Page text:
The type of survey which involves a number of connected survey lines and form a frame work is called traverse surveying.
In traverse surveying the length and direction of any survey line can be measured with any direction measuring instrument such as compass,theodolite and for measuring length chain or tape can be used.The traverse survey are again classified into chain surveying, chain and compass surveying(loose needle method),plane table traversing and transit tape traversing(By fast needle method and measuring of angles between the lines) and plane table traversing.
Types of Traverse Surveying
Chain traversing is the simple method in types of traverse surveying.The whole framework of survey is done with the help of chain and tape only.
2.Chain and Compass traversing.(loose needle method)
Linear measurements are done with help of chain or tape.The bearings can be measured with compass.Both fore bearing and back bearing are observed at each station.
3.Transit type traverse surveying.
Fast needle method
In fast needle method, a theodolite fitted with a compass and tape are used.The magnetic bearings of lines are measured with magnetic meridian.It is more accurate compared to loose needle method,because least count of theodolite is more than a compass.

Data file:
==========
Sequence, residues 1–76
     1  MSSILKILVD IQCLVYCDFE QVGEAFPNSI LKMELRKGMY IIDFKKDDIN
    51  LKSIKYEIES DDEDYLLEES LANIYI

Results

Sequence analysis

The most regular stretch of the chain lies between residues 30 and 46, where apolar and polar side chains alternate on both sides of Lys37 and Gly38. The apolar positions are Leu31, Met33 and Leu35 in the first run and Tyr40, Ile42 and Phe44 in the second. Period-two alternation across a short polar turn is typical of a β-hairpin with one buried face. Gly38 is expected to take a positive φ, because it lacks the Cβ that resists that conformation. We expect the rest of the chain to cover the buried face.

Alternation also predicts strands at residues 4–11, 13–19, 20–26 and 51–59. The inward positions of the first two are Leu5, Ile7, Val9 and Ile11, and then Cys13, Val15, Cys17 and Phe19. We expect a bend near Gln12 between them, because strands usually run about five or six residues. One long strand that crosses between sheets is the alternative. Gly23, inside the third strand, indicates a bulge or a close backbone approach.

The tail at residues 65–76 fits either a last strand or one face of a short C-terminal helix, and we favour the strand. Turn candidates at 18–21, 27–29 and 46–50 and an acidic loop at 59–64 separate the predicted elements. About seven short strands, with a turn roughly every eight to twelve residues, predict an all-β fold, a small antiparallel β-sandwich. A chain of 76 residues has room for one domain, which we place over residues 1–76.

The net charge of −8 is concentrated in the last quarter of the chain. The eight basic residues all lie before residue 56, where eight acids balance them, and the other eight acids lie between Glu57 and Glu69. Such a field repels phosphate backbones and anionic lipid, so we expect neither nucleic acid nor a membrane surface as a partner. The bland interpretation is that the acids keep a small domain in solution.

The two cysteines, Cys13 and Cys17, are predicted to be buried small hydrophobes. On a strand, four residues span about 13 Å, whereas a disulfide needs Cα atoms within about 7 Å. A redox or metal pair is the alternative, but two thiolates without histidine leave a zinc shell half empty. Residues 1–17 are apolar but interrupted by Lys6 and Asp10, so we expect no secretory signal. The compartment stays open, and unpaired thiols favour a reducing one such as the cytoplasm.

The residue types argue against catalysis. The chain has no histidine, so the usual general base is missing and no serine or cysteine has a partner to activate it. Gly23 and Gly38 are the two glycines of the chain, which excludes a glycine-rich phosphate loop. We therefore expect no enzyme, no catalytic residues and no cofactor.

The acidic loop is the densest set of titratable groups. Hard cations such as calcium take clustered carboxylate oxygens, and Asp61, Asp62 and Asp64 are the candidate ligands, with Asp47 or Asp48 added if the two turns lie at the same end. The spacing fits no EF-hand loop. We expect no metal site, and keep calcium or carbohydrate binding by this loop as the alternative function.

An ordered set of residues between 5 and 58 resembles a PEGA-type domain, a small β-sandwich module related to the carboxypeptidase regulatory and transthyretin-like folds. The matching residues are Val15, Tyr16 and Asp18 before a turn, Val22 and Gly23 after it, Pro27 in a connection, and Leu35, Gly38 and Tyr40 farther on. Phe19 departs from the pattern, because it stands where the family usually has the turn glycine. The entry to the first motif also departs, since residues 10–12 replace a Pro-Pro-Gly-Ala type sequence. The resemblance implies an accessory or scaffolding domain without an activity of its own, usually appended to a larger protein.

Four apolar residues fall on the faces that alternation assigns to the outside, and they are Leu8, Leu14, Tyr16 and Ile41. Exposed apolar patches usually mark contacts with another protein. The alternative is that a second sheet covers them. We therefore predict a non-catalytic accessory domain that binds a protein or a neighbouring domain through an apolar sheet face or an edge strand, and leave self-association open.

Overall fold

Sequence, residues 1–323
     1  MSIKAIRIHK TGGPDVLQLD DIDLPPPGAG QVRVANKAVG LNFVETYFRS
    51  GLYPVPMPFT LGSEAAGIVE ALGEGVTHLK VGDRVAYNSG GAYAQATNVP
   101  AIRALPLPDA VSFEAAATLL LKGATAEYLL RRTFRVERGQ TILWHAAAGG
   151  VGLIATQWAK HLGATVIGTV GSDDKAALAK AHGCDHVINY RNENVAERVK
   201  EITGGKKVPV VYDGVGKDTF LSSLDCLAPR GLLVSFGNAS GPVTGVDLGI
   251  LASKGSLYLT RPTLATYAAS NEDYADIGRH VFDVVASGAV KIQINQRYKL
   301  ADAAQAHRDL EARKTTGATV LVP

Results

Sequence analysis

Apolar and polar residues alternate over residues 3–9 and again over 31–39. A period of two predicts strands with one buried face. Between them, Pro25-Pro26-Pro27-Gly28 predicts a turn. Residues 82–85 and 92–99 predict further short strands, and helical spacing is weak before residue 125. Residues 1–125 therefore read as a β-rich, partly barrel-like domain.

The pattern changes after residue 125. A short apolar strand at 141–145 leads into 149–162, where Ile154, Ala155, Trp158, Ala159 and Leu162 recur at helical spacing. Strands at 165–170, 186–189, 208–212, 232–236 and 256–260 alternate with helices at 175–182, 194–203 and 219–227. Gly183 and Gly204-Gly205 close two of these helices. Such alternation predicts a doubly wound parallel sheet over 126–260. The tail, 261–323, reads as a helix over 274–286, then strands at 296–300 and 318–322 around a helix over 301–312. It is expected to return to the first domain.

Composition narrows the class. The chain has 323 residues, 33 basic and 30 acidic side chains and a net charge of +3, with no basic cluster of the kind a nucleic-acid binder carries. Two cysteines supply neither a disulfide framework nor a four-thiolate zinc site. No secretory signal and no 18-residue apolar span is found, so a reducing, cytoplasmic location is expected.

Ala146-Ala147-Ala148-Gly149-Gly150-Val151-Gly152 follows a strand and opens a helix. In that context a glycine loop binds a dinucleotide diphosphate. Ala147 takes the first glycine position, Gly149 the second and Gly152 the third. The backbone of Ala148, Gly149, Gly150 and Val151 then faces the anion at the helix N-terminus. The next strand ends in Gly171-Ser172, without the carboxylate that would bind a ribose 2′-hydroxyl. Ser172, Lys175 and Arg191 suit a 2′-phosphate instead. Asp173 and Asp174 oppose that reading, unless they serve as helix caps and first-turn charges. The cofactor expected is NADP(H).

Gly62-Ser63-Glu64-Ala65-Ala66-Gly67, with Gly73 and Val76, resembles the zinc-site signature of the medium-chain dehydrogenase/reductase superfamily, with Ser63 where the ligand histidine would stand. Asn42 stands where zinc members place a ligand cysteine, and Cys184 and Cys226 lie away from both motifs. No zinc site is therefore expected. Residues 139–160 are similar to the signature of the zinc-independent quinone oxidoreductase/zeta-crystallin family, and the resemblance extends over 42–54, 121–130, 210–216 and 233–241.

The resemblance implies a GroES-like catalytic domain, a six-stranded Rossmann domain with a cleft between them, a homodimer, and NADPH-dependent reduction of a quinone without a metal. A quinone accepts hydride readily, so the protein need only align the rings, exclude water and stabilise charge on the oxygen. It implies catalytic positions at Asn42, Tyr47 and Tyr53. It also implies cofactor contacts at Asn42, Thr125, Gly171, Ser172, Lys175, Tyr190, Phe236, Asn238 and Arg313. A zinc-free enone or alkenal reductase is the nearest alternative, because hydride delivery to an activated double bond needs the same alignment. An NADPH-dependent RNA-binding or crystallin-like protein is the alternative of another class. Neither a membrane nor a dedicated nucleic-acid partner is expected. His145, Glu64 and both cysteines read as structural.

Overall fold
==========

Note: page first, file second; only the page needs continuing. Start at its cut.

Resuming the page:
2.By measurement of angles between lines
In this types of transit traversing,using theodolite angles between the lines are directly measured and framework is constructed.This is the most accurate of all these methods.
Procedure for traverse surveying.
To begin any traverse, a known point must be occupied. (To occupy a point means to set up and level the transit
or theodolite, directly over a monument on the ground representing that point.) Next, a direction must be
established. This can be done by sighting with the instrument a second known point, or any definite object,
which is in a known direction from the occupied point.
The object that the instrument is pointed to in order to establish a direction is known as a backsight. Possible examples would be another monument on the ground, a radio tower or water tank on a distant hill, or anything with a known direction from the occupied point.
A celestial body such as Polaris or the sun could also be used to establish an initial direction.
Once the instrument is occupying a known point, for example point number 2, and the telescope has been
pointed toward the backsight, perhaps toward point number 1, then an angle and a distance is measured to the
first unknown point. An unknown point being measured to is called a foresight.
With this data, the position of this point (let’s call it point number 100) can be determined. The next step is to move the instrument ahead to the former foresight and duplicate the entire process.